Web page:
Health Minister, Michael McGimpsey, ridiculously tried to claim that the units in the Mid-Ulster and Whiteabbey were closed for “health and safety reasons”, and that Antrim Area Hospital would take up the slack. This is despite the fact that Antrim, as the Campaign has demonstrated, was already grossly overstretched. Now, dozens are regularly left on trolleys for hours at a time. The Trust has tried to gag staff to keep conditions in the unit quiet.
In reality, the closures are a direct result of the £813 million in health cuts the Assembly Executive has voted through in the last year. Of course, this didn’t stop politicians from the main parties, including MP for the area, Martin McGuinness, lining up with crocodile tears in their eyes at the initial protests organised by the campaign. However, when campaign and trade union activists began to ask difficult questions after the closure of the unit, they largely disappeared.
The Campaign should act as an example to other communities to fight back against the onslaught of public sector cuts on the horizon. The first protests brought hundreds of local people out onto the streets to demonstrate their opposition to the attack on their local service. The Campaign has collected thousands of petitions against the closure, and put the Trust management and politicians under huge pressure over the way they slashed the unit. However, the numbers involved have dwindled after the closure and the campaign is now based on a group of very dedicated activists. A vast reservoir of support still exists though for the campaign in the communities and amongst hospital staff. Accident and emergency services at the Mid-Ulster hospital can be returned if this support is harnessed into a democratic mass campaign targeting the politicians who have the power to reverse the closure.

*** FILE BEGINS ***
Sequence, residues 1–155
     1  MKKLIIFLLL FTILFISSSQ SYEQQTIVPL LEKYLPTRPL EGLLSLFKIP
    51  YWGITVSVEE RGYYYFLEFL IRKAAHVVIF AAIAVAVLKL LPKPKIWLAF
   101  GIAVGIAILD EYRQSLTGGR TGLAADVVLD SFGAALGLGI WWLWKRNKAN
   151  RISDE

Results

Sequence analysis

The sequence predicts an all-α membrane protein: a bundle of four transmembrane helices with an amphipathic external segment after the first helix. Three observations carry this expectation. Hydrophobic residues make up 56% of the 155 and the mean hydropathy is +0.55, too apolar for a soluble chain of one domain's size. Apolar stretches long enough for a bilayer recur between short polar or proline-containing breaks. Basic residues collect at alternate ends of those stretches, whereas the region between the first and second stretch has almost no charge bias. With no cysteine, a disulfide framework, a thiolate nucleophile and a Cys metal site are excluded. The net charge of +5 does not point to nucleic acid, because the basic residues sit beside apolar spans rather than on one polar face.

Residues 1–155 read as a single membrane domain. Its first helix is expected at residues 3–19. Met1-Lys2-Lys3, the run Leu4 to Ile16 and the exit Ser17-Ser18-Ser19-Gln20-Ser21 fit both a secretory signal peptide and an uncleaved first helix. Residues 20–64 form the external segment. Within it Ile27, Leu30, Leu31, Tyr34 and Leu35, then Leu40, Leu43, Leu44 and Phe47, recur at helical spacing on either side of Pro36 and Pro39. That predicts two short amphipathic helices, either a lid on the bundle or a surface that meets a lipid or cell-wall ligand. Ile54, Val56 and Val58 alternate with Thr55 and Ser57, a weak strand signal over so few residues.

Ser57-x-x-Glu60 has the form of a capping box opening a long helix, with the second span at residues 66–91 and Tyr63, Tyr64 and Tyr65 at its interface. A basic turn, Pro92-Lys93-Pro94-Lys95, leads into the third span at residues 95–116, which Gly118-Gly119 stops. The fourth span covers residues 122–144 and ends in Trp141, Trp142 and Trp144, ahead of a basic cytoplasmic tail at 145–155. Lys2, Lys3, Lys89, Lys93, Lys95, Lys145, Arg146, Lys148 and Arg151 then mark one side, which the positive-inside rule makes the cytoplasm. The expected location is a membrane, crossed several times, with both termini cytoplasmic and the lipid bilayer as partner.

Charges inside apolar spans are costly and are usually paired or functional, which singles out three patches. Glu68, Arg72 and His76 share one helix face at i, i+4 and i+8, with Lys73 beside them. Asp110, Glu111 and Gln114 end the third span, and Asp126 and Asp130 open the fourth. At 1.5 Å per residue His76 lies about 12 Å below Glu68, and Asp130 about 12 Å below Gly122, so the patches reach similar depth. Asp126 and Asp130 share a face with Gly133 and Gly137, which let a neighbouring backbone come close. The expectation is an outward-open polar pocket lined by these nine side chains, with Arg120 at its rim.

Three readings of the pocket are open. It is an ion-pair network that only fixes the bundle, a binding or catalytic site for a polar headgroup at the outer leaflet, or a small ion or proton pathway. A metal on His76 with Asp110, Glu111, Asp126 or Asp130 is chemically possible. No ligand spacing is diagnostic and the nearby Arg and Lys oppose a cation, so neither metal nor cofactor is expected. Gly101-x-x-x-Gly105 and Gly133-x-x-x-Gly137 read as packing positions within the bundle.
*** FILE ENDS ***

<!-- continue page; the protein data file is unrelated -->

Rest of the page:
The trade unions at the Mid-Ulster must also join the campaign. The decision to effectively close Mid-Ulster Hospital must be linked to the cuts unanimously voted by all the parties in power in the Assembly. By patiently campaigning in local communities across Mid-Ulster with leaflets and posters explaining the Assembly Executive’s role in the closure of the hospital, pressure can be built. Active local “Save the Mid” Campaigns in every town across Mid-Ulster would put the politicians under pressure, especially if the idea of standing a candidate/candidates in next year’s Assembly and local elections was raised by the campaign.